Tutorial: Modeling Basics

Modeling Basics

JSCAD is a solids modelling system. It is fundamentally unitless, however, when you export files, typically 1 unit in JSCAD corresponds to 1 millimeter in your model file.

Modelling in JSCAD is often a case of building the shape you want out of primitives, but there are often many different options to get the same shape. Check out the examples on the JSCAD app's info menu to learn about the different capabilities.

Working with Primitives

The documentation is your best friend when working with primitives, but the provided examples are also a valuable resource.

Most primitives in JSCAD are constructed by calling their constructor function, and passing in options that define their size, position, resolution, etc.

let caseShell = roundedCuboid({
    size:[2,7,10],
    center:[10,10,5],
    segments: 32
})

You will see a recurring pattern of an array of three numbers, "[30,10,0]" in parameters such as cuboid size, object center, etc. These represent the cartesian coordinate system in JSCAD, and are always in the order x, y, z.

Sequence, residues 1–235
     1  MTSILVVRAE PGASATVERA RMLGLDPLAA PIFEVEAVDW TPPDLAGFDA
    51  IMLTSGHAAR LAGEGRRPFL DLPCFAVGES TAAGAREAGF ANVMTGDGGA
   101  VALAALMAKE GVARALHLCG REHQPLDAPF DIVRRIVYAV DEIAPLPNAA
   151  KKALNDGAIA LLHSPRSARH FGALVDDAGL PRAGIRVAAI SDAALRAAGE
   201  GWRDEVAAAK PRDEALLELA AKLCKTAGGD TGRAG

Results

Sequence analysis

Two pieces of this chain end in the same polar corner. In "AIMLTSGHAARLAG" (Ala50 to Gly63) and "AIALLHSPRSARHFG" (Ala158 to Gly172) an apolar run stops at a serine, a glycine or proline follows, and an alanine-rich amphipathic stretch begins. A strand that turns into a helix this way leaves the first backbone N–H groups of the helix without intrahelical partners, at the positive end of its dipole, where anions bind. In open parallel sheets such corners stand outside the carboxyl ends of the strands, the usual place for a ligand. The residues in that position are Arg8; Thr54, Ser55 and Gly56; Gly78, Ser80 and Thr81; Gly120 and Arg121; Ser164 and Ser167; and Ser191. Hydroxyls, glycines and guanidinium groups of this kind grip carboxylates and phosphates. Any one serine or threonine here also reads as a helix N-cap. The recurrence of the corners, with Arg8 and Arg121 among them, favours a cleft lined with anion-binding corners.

The "segments" option is another common sight, and refers to the number of subdivisions present on curved paths and surfaces. A lower number will produce shapes with fewer polygons, and less detail on curves.

Boolean Operations

Booleans are one of the most important tools in the solid modeling toolkit. Many of the shapes that you will need to create on your journey can be created by joining, subtracting and intersecting simple shapes. JSCAD Parameters Example

2D to 3D

Another valuable way of building shapes is to start with 2D shapes. These can be created by specifying points, starting with basic primitive 2D shapes, or importing SVG files. The 2D shapes can then be extruded to produce a wide variety of different geometries.

const jscad = require('@jscad/modeling')
const {polygon } = jscad.primitives
const { extrudeLinear } = jscad.extrusions

function main () {
    const poly = polygon({ points: [[-1, -1], [3, -1], [3.5, 2], [2, 1], [1, 2], [0, 1], [-1, 2]] })
    return extrudeLinear({ height: 5, twistAngle: Math.PI / 4, twistSteps: 10 }, poly)
}

module.exports = { main }
Building from polygons Example

Building with Polygons

For complex shapes, it is possible to build the surfaces you need from simple polygons.

  return polyhedron({
    points: [
      [0, -10, 60], [0, 10, 60], [0, 10, 0], [0, -10, 0], [60, -10, 60], [60, 10, 60],
      [10, -10, 50], [10, 10, 50], [10, 10, 30], [10, -10, 30], [30, -10, 50], [30, 10, 50]
    ],
    faces: [
      [0, 2, 3], [0, 1, 2], [4, 5, 0], [5, 1, 0], [5, 4, 2], [4, 3, 2],
      [6, 9, 8], [6, 8, 7], [6, 11, 10], [6, 7, 11], [10, 11, 8], [10, 8, 9],
      [3, 9, 0], [9, 6, 0], [10, 0, 6], [0, 10, 4], [3, 10, 9], [3, 4, 10],
      [1, 11, 7], [1, 5, 11], [1, 7, 8], [2, 1, 8], [8, 11, 2], [5, 2, 11]
    ]
  })
Building from polygons Example